The healthcare IT field is rapidly developing and changing. Emerging technology and updated regulations put pressure on healthcare providers and health plans to stay ahead of the curve. Perficient creates a monthly list that explores some of the current topics and issues in health IT. This list examines the most talked about issues and technologies that are currently affecting the industry.
Consolidation and Mergers
Good UX Means Good Business
In a world where technology is rapidly advancing and user expectations are rising, it’s no longer enough to have an average user experience; to delight your users and surpass your competition you must strive for the exceptional.
Healthcare entities, both payers and providers, have been making an increased effort to capture market share and dominate their geography. Smaller players are being picked up by larger players, consolidating physician practices and health plans. These mergers have driven digital strategy projects and paperless environments, with an increased interest in advertising and public facing websites to try to attract market share.
- Changes in Hospital Finance Drives Flurry of Mergers
- Partners-South Shore merger review grows
- Cadence Health plans to merge with Rockford Health System
- Blue Cross of NEPA, Highmark exploring ‘stronger’ partnership
- Area hospitals promise transparent merger
Extending Your EMR
Healthcare professionals have been very vocal about the challenges that come along with electronic medical record systems. The workflow in many EMR systems was created by a programmer and works the way it was programmed, not the way healthcare professionals work. Several technology tools were made to extend or approve upon EMRs without ripping the code apart, often by putting it into a browser or allowing it to be mobile.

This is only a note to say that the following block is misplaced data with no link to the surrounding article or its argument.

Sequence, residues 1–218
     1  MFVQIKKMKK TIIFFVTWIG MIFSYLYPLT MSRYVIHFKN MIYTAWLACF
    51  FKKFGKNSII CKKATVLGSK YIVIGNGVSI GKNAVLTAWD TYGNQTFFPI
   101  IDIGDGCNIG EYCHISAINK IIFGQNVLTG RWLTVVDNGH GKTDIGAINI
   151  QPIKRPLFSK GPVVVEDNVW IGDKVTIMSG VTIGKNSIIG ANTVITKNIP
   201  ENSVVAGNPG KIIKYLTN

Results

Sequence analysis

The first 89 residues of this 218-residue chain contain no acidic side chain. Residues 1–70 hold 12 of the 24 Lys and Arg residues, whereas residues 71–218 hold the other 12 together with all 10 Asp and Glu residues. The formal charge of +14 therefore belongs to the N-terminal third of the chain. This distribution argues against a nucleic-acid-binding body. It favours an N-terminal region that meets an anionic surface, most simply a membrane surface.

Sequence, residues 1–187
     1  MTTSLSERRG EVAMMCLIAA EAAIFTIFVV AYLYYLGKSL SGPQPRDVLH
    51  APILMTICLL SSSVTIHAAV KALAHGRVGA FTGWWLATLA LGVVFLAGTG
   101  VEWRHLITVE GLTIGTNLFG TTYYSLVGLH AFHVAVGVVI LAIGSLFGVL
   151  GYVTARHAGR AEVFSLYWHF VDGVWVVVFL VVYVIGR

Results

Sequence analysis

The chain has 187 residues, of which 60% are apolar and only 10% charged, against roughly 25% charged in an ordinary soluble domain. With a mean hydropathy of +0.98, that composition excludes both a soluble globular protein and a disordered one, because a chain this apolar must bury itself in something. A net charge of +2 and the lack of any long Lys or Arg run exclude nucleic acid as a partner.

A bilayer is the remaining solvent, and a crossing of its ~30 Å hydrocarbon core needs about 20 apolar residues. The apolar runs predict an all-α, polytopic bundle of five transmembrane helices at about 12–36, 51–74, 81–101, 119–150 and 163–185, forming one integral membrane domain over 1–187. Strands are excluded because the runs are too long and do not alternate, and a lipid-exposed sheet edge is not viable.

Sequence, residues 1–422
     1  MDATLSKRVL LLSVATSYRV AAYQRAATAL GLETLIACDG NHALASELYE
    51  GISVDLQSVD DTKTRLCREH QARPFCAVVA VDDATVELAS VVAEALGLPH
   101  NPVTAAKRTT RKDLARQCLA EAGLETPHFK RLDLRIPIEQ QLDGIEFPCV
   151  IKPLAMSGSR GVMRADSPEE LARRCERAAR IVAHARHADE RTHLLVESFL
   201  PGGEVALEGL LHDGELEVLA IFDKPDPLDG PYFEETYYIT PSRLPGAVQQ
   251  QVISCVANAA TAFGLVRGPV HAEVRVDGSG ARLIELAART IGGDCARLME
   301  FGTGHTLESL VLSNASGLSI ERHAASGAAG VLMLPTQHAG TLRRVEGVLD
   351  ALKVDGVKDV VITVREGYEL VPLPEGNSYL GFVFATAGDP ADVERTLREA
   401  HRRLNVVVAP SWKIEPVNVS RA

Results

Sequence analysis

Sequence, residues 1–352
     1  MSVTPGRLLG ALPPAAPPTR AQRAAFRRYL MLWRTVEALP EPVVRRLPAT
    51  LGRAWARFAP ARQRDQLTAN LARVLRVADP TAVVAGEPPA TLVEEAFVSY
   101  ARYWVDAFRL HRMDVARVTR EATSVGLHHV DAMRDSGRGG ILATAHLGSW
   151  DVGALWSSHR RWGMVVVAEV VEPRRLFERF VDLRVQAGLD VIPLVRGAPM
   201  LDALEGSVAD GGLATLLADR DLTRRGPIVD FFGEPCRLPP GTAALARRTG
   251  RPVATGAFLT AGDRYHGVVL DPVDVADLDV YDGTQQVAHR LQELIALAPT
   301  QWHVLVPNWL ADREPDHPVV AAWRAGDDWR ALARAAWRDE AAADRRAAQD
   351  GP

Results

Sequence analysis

- EHRs can’t do everything
- 9 Reasons Doctors Hate Their EMR
- Docs blame EHRs for lost productivity
- So much data-gathering, so little doctoring
- How connected is EHR user satisfaction to vendor choice?
Security and Privacy of PHI
The further we develop our technology, the more security risks we’re introducing at the same time. BYOD and wireless networks increase the mobility and sharing of data, which is helpful for diagnosis and storage but risky for protecting PHI. There is a delicate balance between how much security is enough and when security will make it impossible for us to manage the system.
- Addressing BYOD security at a large medical research center
- Factoring healthcare BYOD policies into network security
- 3 tips for proactively protecting PHI
- Sloppy Handling Of Patient Data Always A Danger
- Data Security Added to Worries About Website
Fragmentation of Health Records
While interoperability is a key trend in healthcare, the cost of care is driving us away from this goal. In order to save money, patients are now going to several different pharmacies and stores to get discounted prescriptions where they can, fragmenting their health records. If the only time these medications are reconciled is when patients visit their primary physician, that’s not often enough to prevent adverse drug reactions.
- Why Healthcare Tech will save your life …and your wallet
- Interoperability: A critical mess
- Connecting a new world of care: why interoperability is vital for the NHS
- Health IT can improve care coordination for complex conditions
- Docs can prevent adverse drug reactions by looking up info on mobile phones
In September, the FDA revised its guidelines on what mobile medical applications need to be regulated and what are harmless to consumers. Now the FDA is wading into the issue of what else they need to regulate and what they don’t. This week they decided t to block 23andMe for providing medical advice without a physician involved. The FDA will battle where the concept of ensuring accurate medical information will start and stop.